The Magnetic Blacksmith from Brandon
edited: Monday, October 29, 2012
By Richard J. Bauman
Not "rated" by the Author.
Posted: Saturday, October 24, 2009
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There are few things worse than being ahead of the times with an idea. Thomas Davenport, inventor of the electric motor, was just such a person.
Thomas Davenport climbed into his brother Oliver’s horse-drawn wagon, and they headed for Crown Point, New York, 25-miles from their home in Brandon, Vermont. Neither man knew, or even considered, they were setting off on a life-changing, world-changing journey that day in 1833. But they were. And a less likely pair of agents for science and technological change would have been hard to find. Oliver was a traveling peddler of pots and pans, while Thomas was an uneducated blacksmith. Nonetheless, the events their expedition precipitated would ultimately change history.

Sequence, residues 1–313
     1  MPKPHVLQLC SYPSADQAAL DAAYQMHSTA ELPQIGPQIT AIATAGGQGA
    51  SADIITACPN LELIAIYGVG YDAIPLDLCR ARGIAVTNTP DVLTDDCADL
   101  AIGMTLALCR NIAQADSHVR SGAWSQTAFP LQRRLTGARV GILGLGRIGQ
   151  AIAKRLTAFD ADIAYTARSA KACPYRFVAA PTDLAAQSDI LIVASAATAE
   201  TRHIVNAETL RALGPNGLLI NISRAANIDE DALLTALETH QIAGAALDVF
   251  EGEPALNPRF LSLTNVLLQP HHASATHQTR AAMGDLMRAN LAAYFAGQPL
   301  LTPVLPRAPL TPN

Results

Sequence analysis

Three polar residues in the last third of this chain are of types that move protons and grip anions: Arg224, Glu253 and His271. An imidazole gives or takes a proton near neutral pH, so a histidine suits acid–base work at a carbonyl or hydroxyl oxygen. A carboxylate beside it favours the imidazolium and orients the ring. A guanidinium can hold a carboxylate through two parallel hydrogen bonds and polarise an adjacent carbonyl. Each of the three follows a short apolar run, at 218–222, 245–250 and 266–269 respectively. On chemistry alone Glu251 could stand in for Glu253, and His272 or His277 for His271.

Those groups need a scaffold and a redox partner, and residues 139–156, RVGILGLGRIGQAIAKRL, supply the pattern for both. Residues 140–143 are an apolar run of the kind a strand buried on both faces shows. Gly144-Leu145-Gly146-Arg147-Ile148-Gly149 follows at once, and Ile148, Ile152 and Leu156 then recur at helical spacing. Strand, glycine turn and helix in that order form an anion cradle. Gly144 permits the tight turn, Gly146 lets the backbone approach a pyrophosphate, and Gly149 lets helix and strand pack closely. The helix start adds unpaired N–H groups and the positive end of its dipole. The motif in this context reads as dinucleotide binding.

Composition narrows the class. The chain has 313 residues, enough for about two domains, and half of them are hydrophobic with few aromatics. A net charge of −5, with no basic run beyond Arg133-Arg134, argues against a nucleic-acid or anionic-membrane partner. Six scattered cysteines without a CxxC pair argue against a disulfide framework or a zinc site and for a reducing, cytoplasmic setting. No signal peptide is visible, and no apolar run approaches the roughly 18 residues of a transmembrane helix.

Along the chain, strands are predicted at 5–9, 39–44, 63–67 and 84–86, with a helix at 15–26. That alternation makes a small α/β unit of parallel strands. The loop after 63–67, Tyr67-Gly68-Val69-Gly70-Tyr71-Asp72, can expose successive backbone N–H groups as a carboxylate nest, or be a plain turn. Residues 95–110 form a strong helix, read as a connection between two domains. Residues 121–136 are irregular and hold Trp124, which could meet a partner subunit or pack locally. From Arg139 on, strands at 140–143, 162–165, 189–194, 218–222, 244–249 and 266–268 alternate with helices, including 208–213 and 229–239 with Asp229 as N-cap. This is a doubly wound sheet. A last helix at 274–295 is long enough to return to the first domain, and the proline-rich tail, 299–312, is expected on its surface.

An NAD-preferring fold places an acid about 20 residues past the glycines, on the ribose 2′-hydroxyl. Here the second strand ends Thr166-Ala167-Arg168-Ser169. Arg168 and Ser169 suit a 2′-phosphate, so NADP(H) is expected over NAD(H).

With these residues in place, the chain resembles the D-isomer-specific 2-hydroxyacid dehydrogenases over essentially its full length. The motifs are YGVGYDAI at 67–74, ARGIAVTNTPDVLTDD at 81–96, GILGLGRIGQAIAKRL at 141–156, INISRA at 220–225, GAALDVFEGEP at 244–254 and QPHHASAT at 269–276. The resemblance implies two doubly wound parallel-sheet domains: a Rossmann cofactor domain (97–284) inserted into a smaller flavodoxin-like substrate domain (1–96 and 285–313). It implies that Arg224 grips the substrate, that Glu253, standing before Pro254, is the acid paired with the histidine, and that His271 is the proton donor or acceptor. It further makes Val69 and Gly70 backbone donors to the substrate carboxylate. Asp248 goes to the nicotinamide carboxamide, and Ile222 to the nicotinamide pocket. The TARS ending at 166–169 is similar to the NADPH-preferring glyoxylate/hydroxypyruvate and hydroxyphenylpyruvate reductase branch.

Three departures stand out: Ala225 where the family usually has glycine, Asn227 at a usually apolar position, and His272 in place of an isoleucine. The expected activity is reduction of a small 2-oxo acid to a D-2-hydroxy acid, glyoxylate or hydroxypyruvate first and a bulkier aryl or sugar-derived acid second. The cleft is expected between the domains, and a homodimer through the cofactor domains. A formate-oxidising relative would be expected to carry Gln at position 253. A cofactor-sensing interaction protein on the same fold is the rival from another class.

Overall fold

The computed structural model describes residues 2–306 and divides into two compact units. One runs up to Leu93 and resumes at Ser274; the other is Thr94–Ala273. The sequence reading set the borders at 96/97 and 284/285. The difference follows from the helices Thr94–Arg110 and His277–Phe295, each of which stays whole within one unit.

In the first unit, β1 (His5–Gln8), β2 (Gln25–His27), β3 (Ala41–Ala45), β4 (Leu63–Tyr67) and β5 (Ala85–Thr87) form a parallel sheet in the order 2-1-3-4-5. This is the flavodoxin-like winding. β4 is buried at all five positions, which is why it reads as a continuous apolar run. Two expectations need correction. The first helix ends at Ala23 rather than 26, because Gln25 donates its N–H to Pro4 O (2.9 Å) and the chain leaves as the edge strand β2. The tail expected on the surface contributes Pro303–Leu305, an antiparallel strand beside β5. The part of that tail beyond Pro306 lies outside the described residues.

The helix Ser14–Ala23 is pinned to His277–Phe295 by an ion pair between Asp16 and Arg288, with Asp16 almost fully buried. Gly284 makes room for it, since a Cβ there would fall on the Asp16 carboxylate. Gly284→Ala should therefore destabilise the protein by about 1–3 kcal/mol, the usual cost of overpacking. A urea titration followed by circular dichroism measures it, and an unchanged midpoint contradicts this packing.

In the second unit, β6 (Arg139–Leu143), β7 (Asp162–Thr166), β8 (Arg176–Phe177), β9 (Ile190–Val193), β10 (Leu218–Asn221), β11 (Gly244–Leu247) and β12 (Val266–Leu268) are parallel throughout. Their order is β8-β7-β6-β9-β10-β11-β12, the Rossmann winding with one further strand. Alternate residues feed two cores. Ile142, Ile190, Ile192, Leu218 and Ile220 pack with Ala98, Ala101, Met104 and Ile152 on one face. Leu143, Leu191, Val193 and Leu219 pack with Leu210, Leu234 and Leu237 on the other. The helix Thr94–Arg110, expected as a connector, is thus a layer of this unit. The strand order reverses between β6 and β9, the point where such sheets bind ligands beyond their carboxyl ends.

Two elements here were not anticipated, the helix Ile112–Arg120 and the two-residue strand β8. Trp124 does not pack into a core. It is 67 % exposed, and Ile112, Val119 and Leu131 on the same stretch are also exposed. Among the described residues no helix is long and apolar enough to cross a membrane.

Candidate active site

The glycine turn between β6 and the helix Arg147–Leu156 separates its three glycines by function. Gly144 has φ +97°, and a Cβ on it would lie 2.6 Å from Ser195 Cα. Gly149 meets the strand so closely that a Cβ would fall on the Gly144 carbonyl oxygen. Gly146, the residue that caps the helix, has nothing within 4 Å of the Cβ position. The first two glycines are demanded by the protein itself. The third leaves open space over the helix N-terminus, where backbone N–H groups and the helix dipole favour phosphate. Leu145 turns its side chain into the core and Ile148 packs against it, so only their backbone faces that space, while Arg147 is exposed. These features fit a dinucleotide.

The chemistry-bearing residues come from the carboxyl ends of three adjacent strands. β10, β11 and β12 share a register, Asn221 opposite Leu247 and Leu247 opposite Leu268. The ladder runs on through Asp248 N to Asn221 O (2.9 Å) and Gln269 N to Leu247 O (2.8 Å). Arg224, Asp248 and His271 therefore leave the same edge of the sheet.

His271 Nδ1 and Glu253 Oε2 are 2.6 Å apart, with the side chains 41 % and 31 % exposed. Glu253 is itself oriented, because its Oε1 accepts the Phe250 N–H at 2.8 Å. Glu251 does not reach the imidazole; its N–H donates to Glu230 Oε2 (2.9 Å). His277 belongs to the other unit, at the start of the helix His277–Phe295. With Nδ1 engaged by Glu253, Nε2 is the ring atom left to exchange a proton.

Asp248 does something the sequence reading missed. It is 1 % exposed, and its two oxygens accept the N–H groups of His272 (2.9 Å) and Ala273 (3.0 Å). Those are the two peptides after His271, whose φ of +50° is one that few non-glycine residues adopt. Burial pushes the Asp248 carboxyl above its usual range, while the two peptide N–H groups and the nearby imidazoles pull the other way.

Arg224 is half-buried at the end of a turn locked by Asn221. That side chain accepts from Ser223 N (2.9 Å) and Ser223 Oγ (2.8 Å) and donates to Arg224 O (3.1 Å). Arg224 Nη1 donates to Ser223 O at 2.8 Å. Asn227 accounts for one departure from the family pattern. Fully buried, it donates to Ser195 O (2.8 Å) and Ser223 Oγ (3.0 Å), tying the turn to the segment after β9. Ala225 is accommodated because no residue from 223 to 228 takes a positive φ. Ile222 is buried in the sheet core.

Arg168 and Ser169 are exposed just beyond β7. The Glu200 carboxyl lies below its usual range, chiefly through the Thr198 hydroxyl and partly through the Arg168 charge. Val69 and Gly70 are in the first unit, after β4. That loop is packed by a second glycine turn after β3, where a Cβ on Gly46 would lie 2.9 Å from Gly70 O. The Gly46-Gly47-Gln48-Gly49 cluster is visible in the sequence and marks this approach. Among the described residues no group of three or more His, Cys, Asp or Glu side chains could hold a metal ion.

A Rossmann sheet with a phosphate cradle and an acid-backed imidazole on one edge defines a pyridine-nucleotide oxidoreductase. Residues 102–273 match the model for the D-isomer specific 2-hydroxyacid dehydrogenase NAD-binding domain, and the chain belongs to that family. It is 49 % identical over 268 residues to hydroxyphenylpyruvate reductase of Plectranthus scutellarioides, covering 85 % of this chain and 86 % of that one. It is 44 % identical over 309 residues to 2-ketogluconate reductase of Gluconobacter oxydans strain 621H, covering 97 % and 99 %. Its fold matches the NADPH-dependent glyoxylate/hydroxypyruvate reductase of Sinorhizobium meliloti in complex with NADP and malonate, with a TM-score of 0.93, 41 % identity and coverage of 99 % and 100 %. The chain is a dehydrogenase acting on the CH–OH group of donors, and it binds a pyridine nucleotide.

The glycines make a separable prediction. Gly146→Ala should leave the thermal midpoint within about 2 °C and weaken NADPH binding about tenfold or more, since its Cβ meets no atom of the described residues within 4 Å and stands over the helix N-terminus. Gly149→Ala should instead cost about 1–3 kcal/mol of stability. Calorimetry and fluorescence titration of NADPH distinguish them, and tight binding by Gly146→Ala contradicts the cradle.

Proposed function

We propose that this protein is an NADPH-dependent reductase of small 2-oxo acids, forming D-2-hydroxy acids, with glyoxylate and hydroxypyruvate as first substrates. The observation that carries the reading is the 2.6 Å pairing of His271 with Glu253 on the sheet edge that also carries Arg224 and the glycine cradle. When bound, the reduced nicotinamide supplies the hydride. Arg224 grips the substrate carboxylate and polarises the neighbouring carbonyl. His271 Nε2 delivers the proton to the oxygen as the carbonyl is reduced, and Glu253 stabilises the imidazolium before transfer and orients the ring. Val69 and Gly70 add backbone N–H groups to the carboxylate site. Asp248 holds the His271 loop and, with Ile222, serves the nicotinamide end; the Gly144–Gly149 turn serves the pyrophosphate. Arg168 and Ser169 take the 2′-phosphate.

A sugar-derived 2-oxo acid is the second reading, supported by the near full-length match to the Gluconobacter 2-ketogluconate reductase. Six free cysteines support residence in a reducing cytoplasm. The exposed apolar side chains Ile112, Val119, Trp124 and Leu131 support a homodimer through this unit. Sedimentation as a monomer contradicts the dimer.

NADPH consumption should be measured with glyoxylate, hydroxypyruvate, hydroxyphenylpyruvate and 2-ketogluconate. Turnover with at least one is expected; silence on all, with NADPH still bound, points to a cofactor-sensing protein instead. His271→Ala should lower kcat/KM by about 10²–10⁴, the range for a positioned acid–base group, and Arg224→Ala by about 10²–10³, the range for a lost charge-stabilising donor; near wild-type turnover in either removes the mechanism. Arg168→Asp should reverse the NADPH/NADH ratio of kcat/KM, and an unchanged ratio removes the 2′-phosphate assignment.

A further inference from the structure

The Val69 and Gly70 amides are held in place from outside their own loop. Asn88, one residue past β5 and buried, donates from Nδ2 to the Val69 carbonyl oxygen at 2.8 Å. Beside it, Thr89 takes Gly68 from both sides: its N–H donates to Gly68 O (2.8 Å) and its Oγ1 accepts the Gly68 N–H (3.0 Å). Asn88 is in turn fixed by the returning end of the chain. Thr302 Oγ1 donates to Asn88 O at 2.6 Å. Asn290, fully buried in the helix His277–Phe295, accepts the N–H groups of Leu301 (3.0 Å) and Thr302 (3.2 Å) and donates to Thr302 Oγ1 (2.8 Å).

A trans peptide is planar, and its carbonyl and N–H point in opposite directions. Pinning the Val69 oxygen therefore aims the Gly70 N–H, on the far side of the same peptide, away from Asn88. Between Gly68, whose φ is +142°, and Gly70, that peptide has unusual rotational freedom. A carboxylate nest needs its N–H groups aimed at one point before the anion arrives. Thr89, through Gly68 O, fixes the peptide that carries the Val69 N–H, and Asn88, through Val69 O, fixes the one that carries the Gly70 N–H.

Unless you’re Amish, or a hermit, it’s unlikely that you get through any day without using dozens of electric motors. If you shave with an electric razor, made a smoothie in your blender, cleaned your carpets with a vacuum cleaner or work in an air-conditioned office you benefited from electric motors. And the workings of all of those motors have their genesis in the first one, which Thomas Davenport invented.
Early in 1833, Davenport had heard the Penfield and Hammond Iron Works in Crown Point, had a Galvanic Battery, which could “suspend an anvil between heaven and earth.” He just had to see it.
Actually, the mysterious device wasn’t a battery, but rather an electromagnet invented a few years earlier by Professor Joseph Henry when he was at Albany Academy. There were only a few electromagnets in the world and the one at Penfield and Hammond was a soft iron horseshoe shaped object, about a foot long and wound with silk-insulated copper wire. It was connected to a crude wet-cell battery, which powered the magnet.